Learn all about lymphadenopathy (enlarged lymph nodes) its causes and types of it. Adenopathy refers to lymph nodes that become enlarged or swollen, and this can occur as a result of cancer, while lymphadenopathy also stands for the abnormal enlargement of lymph nodes.
Lymph nodes are regional, and each group of them corresponds to a particular region of the body and reflects abnormalities in that region. Common areas where swollen lymph nodes are more prominent and therefore more readily noticeable are behind the ear, in the neck, the groin, under the chin and in the armpits.
Since lymphadenopathy can be associated with a wide range of disorders spanning relatively benign medical problems such as streptococcal pharyngitis to life-threatening diseases such as malignancies, the discovery of enlarged nodes represents an important physical finding that demands a systematic evaluation.
An annual incidence of 0.6-0.7% has been estimated for the general population. Unexplained lymphadenopathies are not common (less than 1% of the general population). 75% of all lymphadenopathies are localized and often caused by a specific pathology in the area of drainage. 25% of lymphadenopathies are generalized and are often a sign of a significant underlying disease. A diagnosis of lymphoma, malignancy, HIV infection or tuberculosis should not be missed. In the UK, HIV and tuberculosis (TB) remain conditions of continuing concern in patients presenting with generalized lymphadenopathy.
Treating adenopathy tends to be focused on treating underlying causal factors. Curing this, when possible, may help glands shrink back to normal size. Sometimes the condition resolves on its own when certain viruses are involved, such Epstein-Barr or varicella. When no clear cause is immediately identifiable for the condition, some doctors approach this by taking a biopsy of an affected node. This may be useful to diagnose diseases like lymphoma, which can result in the condition.
What is lymphadenopathy or Adenopathy?
Lymphadenopathy or Adenopathy is disease of the lymph nodes, in which they are abnormal in size, number, or consistency. Lymphadenopathy of an inflammatory type (the most common type) is lymphadenitis, producing swollen or enlarged lymph nodes. Adenopathy, also referred to as lymphadenopathy, is the enlargement of lymph nodes anywhere in your body. Lymph nodes are a part of your immune system and are where immune cells mature to fight infection and unfamiliar antigenic substances. Inflamed lymph nodes often indicate an infection or illness affecting nearby tissues. The most common lymph nodes that you might notice as enlarged are located in the groin, neck, armpit, under the jaw, and behind the ears. An enlarged lymph node can be painless or tender and can be firm or soft, fixed or freely moveable, depending on the cause of the enlargement.
The term comes from the word lymph and a combination of the Greek words adenas (“gland”) and patheia (“act of suffering” or “disease”). So the term lymphadenopathy means swelling of the lymph nodes. Lymphadenopathy is palpable enlargement of lymph nodes.
Enlarged Lymph Nodes Causes
Lymphadenopathy can be caused by a bacterial or viral infection, malignancy or an autoimmune disease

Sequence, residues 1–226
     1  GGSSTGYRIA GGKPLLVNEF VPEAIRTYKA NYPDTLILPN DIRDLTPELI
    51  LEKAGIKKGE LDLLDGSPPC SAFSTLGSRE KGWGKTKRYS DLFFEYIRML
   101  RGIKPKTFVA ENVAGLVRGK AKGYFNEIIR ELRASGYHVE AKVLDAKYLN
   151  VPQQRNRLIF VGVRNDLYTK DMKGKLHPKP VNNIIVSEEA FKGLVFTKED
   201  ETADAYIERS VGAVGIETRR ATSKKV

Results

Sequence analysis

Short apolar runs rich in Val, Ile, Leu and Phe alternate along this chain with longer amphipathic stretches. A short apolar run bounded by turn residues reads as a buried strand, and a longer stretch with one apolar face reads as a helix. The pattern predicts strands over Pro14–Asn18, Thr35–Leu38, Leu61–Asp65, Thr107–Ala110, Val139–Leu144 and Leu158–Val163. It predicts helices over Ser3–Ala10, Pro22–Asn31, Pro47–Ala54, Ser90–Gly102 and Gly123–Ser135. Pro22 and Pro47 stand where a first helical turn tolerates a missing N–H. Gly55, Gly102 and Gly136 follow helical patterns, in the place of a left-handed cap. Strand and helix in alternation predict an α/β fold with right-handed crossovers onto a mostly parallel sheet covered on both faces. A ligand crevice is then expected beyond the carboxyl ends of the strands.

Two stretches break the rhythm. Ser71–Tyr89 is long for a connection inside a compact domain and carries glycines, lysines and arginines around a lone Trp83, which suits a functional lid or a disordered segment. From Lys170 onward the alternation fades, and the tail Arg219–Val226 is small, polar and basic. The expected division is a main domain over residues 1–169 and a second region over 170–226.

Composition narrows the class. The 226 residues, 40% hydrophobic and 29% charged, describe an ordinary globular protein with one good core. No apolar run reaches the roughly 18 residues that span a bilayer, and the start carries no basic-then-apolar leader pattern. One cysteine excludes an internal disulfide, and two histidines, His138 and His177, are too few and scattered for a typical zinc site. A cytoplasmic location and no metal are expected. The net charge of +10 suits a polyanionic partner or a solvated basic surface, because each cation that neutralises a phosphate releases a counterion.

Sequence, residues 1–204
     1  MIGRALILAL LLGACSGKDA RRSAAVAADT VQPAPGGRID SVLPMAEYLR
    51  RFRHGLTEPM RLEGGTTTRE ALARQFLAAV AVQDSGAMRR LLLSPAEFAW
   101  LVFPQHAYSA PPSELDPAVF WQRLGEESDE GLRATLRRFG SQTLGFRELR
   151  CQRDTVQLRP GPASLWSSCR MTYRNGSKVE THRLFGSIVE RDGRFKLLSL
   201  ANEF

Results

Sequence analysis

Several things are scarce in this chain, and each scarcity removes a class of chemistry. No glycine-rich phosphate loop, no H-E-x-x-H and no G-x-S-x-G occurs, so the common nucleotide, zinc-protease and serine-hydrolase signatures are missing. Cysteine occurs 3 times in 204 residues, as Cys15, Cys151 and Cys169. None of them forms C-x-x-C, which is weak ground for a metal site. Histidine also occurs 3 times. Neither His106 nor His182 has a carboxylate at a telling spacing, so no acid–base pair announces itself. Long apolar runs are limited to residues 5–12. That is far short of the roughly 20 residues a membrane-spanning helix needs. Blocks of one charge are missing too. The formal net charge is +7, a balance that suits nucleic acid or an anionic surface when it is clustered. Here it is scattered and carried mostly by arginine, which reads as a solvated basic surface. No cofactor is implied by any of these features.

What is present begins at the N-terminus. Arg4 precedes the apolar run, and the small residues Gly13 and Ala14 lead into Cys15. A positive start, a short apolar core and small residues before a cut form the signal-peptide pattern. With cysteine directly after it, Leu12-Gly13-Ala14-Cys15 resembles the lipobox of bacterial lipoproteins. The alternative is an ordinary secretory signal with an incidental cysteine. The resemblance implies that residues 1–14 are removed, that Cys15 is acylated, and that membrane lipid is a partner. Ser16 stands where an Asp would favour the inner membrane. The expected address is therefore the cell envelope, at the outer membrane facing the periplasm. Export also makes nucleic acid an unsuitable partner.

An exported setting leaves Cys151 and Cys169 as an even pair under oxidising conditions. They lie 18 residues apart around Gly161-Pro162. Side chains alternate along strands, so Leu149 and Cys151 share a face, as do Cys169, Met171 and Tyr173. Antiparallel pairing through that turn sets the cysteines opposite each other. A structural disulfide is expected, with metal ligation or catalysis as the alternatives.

The most common causes of swollen glands include:
- Bacterial infection such as strep throat or tonsillitis
- Mouth sores or tooth infection
- Viral infection such as mononucleosis
- Skin infection
- Ear infection
- Sexually transmitted disease
- Cancers such as leukemia, Hodgkin’s disease, non-Hodgkin’s lymphoma and breast cancer
- Immune system disorders such as lupus, rheumatoid arthritis, and HIV infection
- Side effect from a vaccine or from certain medications
- Storage diseases such as Gaucher’s disease and Niemann-Pick disease
Lymphadenopathy can have additional descriptors, depending on where in the body the lymph nodes are swollen. Some types of lymphadenopathy are cervical, mediastinal, bilateral hilar and retroperitoneal lymphadenopathy.
Cervical lymph node swelling refers to enlarged lymph nodes in the neck region. This is a very common feature of viral infections. Less commonly, swollen lymph nodes in the neck can be a sign of malignancy. Children with Hodgkin disease present with cervical adenopathy in 80-90 percent of cases as opposed to 40 percent of those with non-Hodgkin lymphoma.
Bilateral hilar lymphadenopathy is a bilateral enlargement of the lymph nodes of pulmonary hila. It is a radiographic term that describes the enlargement of mediastinal lymph nodes and is most commonly identified by a chest x-ray.
Mediastinal lymph node enlargement can occur from a wide range of pathologies. It may occur on its own in association with other lung pathology. Mediastinal lymphadenopathy associated with interstitial lung disease can be a frequent feature although its presence has limited value in the differential diagnosis. In certain forms of interstitial lung disease, the extent of lymph node enlargement may correlate to disease activity or progression of fibrosis. While many nodes may be larger than 10mm it is uncommon to have nodes greater than 15mm.
Retroperitoneal adenopathy refers to swelling or disease in the lymph nodes behind the peritoneum. This structure covers most of the abdominal organs and may be used as an anatomical point of reference when discussing problems in the abdomen.
The supraclavicular lymph nodes are a paired group of lymph nodes located on either side in the hollow of clavicle close to where sternum joins it. It is the final common pathway of the lymphatic system as it joins the central venous system. They oversee transport of the lymph from the thoracic cavity and abdomen.